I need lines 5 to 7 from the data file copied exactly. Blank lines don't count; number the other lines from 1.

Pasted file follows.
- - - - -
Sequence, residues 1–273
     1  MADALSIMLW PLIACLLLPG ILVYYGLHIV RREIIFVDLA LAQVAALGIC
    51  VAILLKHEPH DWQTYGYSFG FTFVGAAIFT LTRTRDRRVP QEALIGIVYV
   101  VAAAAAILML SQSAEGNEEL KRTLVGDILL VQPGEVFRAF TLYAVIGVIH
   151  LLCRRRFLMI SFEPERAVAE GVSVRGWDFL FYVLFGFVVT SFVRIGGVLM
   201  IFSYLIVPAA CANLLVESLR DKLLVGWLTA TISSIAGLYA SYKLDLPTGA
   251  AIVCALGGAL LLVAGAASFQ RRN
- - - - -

   151  LLCRRRFLMI SFEPERAVAE GVSVRGWDFL FYVLFGFVVT SFVRIGGVLM
   201  IFSYLIVPAA CANLLVESLR DKLLVGWLTA TISSIAGLYA SYKLDLPTGA
   251  AIVCALGGAL LLVAGAASFQ RRN